HOW A PAIR OF STAINED TAKKIES LED A YOUNG SA ENTREPRENEUR TO HIS CALLING
Moses was only 14 when he became aware of the problem of used oil not being disposed of correctly. He was visiting a friend when he accidentally soaked his first pair of All Star takkies in used oil from a five litre container which was placed under a chair by his friend’s father who had left it there after servicing his car three months before. Immediately Moses started pondering how used oil is properly disposed of and says that the challenge was quite huge in Soweto back then.
Fast forward to the present day and Moses is now a used oilcollector registered with the ROSE Foundation (Recycling OilSaves the Environment) and operates from Soweto, servicing the greater Johannesburg, Tshwane, Mpumalanga and North West regions.
After initially taking up a position as a call centre leader in Midrand, Moses returned to his passion and started his used oil collection business in 2009 with a single bakkie and lots of enthusiasm to make his entrepreneurial venture a success. Ten years later and he employs four other staff members in his business “Auto Blue Oil & Projects”, who collect over 300 000 litres of used oil per year.
“Getting the business up and running presented a fair amount of challenges – from accessing start-up funding, to getting a foot into the markets, creating necessary systemsand processes, and of course meeting the requirements on an ongoing basis for the necessary compliance within our industry.”
In 2012 Moses was selected to do an internship in the United States through the Young Entrepreneurs Program (YEP) – an initiative that is designed to foster young South African entrepreneurs by mentoring and training them – ultimately promoting the success of their businesses.
Moses traveled to the US where he completed a six week internship at two top waste management companies that allowed him to learn about the underlying principles and concepts required to ensure business success within this sector. He also studied Entrepreneurial Leadership through the Sierra Nevada College as part of the internship.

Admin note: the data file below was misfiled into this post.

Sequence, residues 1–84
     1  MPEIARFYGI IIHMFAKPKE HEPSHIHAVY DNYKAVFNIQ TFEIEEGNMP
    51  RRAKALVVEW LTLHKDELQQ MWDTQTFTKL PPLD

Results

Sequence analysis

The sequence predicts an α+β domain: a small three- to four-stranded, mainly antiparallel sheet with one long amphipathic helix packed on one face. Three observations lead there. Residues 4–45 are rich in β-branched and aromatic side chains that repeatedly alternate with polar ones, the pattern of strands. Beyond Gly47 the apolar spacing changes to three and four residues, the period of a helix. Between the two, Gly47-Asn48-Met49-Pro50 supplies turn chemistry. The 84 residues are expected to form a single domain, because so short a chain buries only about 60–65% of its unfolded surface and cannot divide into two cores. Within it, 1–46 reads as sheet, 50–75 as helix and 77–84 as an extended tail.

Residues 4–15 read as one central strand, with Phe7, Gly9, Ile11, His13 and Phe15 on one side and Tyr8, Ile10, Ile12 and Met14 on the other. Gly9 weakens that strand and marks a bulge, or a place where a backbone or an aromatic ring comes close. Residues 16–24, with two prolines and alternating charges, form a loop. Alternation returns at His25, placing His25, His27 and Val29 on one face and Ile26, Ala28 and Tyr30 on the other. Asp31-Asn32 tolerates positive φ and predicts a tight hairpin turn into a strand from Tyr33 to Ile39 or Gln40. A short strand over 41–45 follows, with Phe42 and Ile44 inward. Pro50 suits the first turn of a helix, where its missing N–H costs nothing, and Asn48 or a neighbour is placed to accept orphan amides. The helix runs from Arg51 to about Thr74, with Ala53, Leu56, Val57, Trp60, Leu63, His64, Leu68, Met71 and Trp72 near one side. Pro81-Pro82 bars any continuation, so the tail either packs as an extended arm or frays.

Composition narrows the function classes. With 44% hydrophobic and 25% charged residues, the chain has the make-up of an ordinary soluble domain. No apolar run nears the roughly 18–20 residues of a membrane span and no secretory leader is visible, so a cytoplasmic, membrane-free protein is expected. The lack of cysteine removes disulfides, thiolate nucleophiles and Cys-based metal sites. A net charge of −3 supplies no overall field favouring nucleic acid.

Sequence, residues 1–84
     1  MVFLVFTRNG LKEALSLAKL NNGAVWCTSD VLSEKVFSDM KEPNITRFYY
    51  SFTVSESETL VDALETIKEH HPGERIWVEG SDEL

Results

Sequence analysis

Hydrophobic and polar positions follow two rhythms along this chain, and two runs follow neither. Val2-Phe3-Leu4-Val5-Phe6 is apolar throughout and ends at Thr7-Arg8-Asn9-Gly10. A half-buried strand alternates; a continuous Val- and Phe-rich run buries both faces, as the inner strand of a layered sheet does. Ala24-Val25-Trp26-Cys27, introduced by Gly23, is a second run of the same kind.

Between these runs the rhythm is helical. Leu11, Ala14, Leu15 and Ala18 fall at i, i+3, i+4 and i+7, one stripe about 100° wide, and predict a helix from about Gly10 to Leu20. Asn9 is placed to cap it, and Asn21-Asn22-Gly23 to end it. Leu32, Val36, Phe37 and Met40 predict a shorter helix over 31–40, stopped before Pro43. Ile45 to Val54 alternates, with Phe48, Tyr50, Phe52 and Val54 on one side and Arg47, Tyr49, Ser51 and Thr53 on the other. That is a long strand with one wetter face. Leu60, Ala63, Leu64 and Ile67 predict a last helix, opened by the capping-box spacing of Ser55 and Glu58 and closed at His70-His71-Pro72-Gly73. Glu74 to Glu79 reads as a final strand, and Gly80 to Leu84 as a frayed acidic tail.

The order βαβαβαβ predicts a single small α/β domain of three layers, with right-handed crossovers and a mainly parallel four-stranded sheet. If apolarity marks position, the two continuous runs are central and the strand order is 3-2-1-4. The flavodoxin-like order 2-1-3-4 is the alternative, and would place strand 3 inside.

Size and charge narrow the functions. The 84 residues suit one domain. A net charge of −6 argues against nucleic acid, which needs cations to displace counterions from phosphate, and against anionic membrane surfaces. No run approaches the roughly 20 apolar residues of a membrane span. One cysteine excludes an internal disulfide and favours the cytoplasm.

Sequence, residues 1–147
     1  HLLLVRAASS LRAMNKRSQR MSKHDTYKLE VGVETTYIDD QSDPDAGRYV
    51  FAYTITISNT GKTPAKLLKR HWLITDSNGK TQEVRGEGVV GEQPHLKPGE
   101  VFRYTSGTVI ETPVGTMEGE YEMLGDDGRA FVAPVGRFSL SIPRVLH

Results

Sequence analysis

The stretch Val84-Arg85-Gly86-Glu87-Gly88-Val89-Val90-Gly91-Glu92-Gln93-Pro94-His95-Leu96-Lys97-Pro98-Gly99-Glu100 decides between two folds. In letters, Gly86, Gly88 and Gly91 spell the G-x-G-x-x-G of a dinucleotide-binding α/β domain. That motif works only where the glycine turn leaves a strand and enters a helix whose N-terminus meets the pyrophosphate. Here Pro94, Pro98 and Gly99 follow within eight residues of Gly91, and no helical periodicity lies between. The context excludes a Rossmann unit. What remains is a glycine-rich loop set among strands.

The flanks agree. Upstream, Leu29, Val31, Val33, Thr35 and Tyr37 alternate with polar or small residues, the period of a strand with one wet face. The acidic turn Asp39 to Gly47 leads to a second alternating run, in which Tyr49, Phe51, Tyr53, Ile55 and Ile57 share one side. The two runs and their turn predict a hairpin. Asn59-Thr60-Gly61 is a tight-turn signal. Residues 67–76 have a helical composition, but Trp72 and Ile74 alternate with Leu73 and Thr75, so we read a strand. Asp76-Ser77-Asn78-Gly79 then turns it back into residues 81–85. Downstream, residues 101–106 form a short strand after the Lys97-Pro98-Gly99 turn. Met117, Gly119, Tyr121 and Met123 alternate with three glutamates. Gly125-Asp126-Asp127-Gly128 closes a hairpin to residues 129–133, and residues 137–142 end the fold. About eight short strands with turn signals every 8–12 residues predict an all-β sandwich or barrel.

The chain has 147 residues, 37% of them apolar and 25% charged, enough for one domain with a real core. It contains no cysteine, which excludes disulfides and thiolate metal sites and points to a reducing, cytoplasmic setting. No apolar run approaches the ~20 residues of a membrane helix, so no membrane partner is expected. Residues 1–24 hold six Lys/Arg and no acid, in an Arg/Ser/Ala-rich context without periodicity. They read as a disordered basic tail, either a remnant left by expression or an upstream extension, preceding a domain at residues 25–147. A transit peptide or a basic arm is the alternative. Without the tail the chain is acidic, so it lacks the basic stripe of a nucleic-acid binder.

“I am extremely proud that my business is celebrating 10 years of ongoing success in a highly competitive industry. We remain stable and sustainable,” says Moses.
“However the safe disposal of used oil as a hazardous waste still remains a challenge in our country and I urge used oil generators to only allow compliant, ROSE registered collectors to remove their oil for safe disposal through responsible recycling.”
Moses is one of 170 ROSE Foundation licensed oil collectors situated across South Africa who collect and transport used oil to refineries for proper processing and recycling. They are frequently audited, comply with the rigorous legislation governing waste management in the country, spend many hours undergoing hazardous waste training, and attending fire-fighting as well as first aid courses. The ROSE Foundation has successfully been driving the collection and recycling of used oil for 25 years – championing the collection of over 1.5 billion litres in this time.